The CppCon 2014 conference program has been posted for the upcoming September conference. We've received requests that the program continue to be posted in "bite-sized" posts, a few sessions at a time, to make the 100+ sessions easier to absorb, so here is another set of talks. This series of posts will conclude once the entire conference program has been posted in this way.
Finally, rounding out the conference program, we have five final talks to announce in this blog stream... the last, pending any late-breaking additions. The first two sessions are about C++ standardization, covering what the committee is doing now that C++14 has been approved, and what's coming next including well in advance of C++17. The final three are about using C++ in specific domains, ones that are not only interesting to hear about (from Cinder creative graphics in C++, to the very small with MIT/Harvard gene sequencing, to the very large of simulating the universe, no less) but also instructive for C++ developers in general as the sessions cover modern C++11/14 techniques and solutions that are broadly applicable across many other domains as well.
In this post:
- The Committee Experience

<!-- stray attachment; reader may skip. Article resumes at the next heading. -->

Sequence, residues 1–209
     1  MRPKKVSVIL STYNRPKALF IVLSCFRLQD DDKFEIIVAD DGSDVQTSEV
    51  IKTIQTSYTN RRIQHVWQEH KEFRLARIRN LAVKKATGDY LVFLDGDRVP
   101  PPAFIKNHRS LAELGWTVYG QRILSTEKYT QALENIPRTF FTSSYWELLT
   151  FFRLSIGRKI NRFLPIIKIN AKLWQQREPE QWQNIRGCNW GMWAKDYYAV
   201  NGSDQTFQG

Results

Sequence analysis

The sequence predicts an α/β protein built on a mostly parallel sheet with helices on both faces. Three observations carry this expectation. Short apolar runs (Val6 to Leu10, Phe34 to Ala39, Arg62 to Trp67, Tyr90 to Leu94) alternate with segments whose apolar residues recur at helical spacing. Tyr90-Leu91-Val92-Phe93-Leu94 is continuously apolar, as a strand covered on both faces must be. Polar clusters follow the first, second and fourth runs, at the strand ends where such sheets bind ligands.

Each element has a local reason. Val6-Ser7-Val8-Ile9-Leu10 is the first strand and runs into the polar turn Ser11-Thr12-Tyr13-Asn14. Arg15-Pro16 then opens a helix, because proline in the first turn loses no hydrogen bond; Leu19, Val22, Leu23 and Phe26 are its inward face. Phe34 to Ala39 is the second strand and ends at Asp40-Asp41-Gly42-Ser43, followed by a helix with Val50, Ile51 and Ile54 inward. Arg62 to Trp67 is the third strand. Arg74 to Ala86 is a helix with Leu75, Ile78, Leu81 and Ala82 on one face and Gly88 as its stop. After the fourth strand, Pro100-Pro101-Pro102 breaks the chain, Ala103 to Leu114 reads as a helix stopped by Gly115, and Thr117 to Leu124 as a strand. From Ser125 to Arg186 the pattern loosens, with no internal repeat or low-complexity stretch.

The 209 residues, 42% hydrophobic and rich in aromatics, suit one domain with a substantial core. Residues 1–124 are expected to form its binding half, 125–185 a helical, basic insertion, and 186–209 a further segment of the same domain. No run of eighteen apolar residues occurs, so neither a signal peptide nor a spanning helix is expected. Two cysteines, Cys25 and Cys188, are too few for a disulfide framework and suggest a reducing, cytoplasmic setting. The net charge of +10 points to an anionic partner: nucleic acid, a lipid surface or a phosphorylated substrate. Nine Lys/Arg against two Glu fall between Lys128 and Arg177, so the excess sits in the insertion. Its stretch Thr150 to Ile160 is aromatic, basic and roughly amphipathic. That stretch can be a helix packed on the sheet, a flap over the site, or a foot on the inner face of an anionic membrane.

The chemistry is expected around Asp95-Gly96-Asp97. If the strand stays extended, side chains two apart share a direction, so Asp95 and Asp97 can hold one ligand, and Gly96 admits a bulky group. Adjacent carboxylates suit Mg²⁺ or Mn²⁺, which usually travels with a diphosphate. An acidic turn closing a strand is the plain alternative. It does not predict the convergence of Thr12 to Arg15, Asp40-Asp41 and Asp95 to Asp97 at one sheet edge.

- What the committee did next!
- Creative Coding with C++
- Gamgee: A C++14 library for genomics data processing and analysis
- Simulating the Universe using modern C++
What happens behind the closed doors of the ISO Standard Committee? And just how closed are they? The session collects some anecdotes and relates what it is like to get involved in the process of standardizing C++, from the perspective of someone attending their first meeting - me 10 years ago! - to now. We will hear some of the highs and lows along the way to C++11, some misconceptions of what might be involved, and get some idea of what happens during a typical standard meeting, and between. By the end you will have some idea of how the standard itself is actually formed, and hopefully spark the interest of folks who might be interested in getting involved themselves...
After inking 8 years to produce the C++11 standard (arguably 13) there was a feeling we should be able to produce new work faster, more incrementally. With the renewed interest in C++, we have more participation on the committee, and have looked to harness that enthusiasm in new ways. In the last 3 years we have spun up at least a dozen new study groups, and have 8 or mode Technical Specifications in various stages of development that we hope to ship over the next 12-24 months. So what are all these new groups and specifications about? Come to this session and get a vision of where C++ is headed in the immediate and short-term future.